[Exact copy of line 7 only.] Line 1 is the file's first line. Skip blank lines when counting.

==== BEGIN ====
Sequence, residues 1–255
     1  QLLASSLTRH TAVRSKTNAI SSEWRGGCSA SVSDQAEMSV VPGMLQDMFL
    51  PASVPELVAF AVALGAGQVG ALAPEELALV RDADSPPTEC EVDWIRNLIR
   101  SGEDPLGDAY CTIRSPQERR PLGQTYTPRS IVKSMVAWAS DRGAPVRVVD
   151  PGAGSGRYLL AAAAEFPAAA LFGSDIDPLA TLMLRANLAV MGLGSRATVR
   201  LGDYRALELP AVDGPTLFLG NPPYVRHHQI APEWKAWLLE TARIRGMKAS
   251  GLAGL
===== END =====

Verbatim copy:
   251  GLAGL